Tag Archives: responsive classroom

Using morning messages…

responsive classroom

“Good Morning.”  Two simple words, a customary greeting among the polite and civilized.  Two little words – that can sometimes help a challenging day ahead feel a little less daunting.  These words can help students feel that they matter – and that it matters to us, their teachers, that they show up in our classroom.

When I was in the classroom, I was a huge fan of the morning meeting, as defined by “The Responsive Classroom Approach.”  And one crucial component of the morning meeting, is the “morning message.”  As the school year careened toward testing (for my kids, first week of March), the morning meeting often, sadly, fell by the wayside.  I used to think there wasn’t time – but I will write about that at some other time (I’m not sure I was right about that).

But I tried to hold onto the morning message. Teachers must always remember that the shift from home to the classroom isn’t always easy for our students. I wanted my students to know – as soon as they walked through the door to the classroom – that my day was about them – about who they are and about what they would learn.  I wanted them to know I was waiting for them – and that I had been thinking about them before they walked in the door.  I wanted them to feel welcome, to know that they were important and that I believed in every one of them.

The morning message can do these things – and much more.

The morning message is an “interactive” message and should always be positive in tone.  It should welcome our kids to the classroom – their classroom, their community of learning.  It can provide a context to acknowledge class accomplishments or challenges; it can help generate group thinking, planning and reflection.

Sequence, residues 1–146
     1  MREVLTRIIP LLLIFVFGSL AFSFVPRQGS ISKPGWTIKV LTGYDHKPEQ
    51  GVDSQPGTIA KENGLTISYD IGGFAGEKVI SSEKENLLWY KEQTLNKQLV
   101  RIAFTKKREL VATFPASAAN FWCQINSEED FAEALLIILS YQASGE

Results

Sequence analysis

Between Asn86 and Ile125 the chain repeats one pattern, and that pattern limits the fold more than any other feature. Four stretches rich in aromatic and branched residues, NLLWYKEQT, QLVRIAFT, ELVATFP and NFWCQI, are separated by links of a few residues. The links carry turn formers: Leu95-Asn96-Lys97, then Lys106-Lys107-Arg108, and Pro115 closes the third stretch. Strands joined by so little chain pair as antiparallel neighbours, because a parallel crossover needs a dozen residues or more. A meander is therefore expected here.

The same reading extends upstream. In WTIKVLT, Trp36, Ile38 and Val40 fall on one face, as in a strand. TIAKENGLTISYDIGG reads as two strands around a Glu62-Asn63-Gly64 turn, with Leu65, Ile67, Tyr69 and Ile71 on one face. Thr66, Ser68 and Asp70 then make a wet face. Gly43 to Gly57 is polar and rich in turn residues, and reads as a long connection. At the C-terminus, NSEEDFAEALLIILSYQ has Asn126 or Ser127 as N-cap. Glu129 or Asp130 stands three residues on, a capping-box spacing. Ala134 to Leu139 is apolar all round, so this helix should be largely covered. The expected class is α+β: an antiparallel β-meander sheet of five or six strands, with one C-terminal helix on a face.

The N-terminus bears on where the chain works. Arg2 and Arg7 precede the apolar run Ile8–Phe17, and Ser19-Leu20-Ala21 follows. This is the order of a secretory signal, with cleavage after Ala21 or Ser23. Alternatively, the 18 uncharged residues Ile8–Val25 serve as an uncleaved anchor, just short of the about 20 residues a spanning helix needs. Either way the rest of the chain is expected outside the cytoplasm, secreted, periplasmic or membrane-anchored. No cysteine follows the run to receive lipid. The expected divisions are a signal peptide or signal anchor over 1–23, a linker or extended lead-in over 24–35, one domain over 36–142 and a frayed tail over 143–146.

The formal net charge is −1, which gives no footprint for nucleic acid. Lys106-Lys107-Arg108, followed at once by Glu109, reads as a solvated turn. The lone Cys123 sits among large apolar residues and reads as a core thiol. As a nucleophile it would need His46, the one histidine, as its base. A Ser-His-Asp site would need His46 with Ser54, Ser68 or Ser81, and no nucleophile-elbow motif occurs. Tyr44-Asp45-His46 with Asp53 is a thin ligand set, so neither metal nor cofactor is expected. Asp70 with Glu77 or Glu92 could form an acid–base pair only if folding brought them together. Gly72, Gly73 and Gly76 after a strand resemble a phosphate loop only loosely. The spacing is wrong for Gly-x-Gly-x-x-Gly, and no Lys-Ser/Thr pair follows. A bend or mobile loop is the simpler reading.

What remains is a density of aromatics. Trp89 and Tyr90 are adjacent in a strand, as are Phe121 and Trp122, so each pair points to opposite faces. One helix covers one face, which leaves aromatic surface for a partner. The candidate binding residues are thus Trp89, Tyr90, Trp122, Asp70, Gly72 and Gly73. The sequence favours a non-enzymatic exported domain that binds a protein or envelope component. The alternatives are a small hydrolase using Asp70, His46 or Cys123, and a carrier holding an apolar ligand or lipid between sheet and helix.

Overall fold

The message should anchor the learning plan for the day (or the hour) ahead and help students know what’s ahead.  It should generate interest and excitement and allow students to feel competent and skilled.  Generally, morning messages provide students with practice in functional reading and always include an interactive task.  They can focus on all academic subjects:  math, writing, science, social studies or literature as well as community building.   

The essential elements of a morning message include:

  1. A greeting ( “Good morning, students!” ” Welcome Mathematicians!” “Dear Awesome Artists,” “Hello Cooperative and Caring Students” )
  2. The date (at the top or as part of a sentence: “Today is …”
  3. Body: This should draw attention to something students might look forward to doing later in the school day and should be written in a way that is developmentally appropriate for them.  It should also invite the students to think about or respond to what you’ve written.  It is best to focus on a single topic and KEEP IT SIMPLE.
  4. Your signature.

The Interactive Task:  I think it is helpful if students can respond below the message you’ve written and then you can use the message as an anchor chart when you move on to the subject of the message.  You can also ask students to respond in their journals or on a post-it note which is affixed to a chart or a bulletin board.  Think of this task as a meaningful part of the day’s instruction, a way to engage the students in what lies ahead.

A couple of examples:

scholars     morning message science

Planning:  Use a weekly rotation for different academic subjects and try drafting a week’s worth over the weekend so you don’t feel stressed about thinking about what to say.

Resources:  There are examples on the web (where I pulled the two above).  Here is a good resource from The Responsive Classroom website:    Ideas for Morning Messages.    I also enthusiastically recommend getting your hands on the following books:

morning meeting book               morning messages

Final Thoughts: It’s never too late to add a “morning message” to your classroom routine.  I found them to be helpful throughout the school year and thought they were essential to community building and a great way to address classroom behavior challenges thoughtfully and effectively.  How do you use morning messages in your classroom?  Please provide your ideas in a comment!